The CIO's Growing Role: IT and Innovation
As 2011 gets into high-gear, we are seeing the predicted IT spending increases come to pass; with companies often shifting their focus from cost-cutting initiatives to growth and innovation projects.
Accompanying this spending increase is a shift in the role of the CIO towards an architect for business innovation. This increased, highly visible responsibility creates additional drains on CIOs’ already limited bandwidth, thus establishing a need to build a framework for innovation that is efficient, creative, fact-based and that supports efficient time management.
How to deliver strategic value: A road map for CIOs
The CIO’s role has been evolving constantly over the last 10 years, and the integration of technology into every facet of an organization has only accelerated the pace of change. Looking toward 2011 and beyond, we see the scope of responsibilities and expectations for CIOs to deliver business results growing dramatically, resulting in an ever-growing workload. Key to this rapid increase is the CIO’s new role as thought leader for business innovation.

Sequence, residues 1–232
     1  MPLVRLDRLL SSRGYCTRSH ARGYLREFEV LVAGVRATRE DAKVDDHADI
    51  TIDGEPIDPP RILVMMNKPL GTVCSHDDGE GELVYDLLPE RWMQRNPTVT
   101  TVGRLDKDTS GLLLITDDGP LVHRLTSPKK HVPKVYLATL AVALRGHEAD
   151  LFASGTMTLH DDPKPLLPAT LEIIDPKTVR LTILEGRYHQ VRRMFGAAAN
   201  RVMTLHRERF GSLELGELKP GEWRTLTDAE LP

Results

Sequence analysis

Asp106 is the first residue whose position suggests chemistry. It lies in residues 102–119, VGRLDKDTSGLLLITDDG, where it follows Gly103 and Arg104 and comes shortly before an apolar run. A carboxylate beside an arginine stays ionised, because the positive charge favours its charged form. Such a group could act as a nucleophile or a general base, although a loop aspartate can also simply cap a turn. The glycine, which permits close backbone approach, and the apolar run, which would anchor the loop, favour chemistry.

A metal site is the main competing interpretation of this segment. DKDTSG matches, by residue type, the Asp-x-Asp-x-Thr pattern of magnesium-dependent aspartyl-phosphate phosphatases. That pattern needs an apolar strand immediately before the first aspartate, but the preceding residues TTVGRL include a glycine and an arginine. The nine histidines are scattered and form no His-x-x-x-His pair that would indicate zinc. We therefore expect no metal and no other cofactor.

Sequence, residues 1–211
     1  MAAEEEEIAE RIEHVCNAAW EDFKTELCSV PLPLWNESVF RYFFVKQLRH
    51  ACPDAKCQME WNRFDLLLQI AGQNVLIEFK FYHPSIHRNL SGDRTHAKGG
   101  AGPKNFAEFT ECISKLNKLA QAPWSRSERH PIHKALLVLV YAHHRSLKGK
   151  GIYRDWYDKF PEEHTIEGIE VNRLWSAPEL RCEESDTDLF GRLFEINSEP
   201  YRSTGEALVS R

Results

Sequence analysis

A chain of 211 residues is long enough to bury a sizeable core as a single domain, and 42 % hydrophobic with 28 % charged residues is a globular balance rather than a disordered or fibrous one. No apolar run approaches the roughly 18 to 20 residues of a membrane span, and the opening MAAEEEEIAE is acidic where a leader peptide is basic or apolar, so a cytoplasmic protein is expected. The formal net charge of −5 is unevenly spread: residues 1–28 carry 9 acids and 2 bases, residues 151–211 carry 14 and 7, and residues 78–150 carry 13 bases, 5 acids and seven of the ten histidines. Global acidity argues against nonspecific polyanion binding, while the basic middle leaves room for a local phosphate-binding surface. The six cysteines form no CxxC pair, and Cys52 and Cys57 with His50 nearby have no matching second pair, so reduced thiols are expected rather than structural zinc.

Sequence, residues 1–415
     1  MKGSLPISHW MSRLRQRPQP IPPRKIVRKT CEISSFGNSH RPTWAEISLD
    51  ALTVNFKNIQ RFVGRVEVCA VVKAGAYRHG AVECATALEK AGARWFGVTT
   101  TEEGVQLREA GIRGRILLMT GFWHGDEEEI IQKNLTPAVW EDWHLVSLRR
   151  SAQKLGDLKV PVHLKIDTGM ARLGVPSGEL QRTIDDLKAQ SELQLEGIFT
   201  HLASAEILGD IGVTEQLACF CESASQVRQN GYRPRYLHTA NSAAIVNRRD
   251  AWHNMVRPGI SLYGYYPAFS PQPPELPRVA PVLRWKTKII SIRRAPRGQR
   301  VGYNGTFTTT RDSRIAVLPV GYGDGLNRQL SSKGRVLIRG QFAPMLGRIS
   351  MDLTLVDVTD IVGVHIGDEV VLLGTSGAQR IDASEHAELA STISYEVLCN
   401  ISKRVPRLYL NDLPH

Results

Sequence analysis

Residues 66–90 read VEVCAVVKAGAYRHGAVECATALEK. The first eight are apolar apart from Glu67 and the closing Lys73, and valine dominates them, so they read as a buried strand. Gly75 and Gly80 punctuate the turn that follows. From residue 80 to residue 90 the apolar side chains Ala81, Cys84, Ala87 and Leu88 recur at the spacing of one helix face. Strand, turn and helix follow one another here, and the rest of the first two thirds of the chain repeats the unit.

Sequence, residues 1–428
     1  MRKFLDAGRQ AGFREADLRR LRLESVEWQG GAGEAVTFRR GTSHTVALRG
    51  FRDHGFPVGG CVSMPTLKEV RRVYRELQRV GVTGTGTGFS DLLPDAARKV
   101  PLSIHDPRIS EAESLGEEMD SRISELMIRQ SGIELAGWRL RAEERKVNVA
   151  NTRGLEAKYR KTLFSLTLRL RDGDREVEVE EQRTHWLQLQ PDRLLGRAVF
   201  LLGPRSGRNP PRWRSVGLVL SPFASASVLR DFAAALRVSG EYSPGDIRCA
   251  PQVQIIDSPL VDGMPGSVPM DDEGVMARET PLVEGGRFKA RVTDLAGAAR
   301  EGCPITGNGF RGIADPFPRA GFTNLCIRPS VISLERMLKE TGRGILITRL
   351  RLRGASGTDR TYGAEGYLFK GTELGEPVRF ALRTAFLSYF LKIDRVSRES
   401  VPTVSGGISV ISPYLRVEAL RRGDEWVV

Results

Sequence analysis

IT leaders often are expected to develop strategies that boost revenues, cut costs, and help ensure regulatory compliance. Adding the new wrinkle of innovation leader, CIOs also are being called on to unearth and architect differentiating solutions. These solutions are expected to drive measurable improvements in customer experience, deliver increased revenues, and deliver higher margins through advanced tools that can be integrated throughout the enterprise and across the supply chain. While some solutions may sound familiar, the expectation has shifted from simply choosing new tools to delivering game-changing results.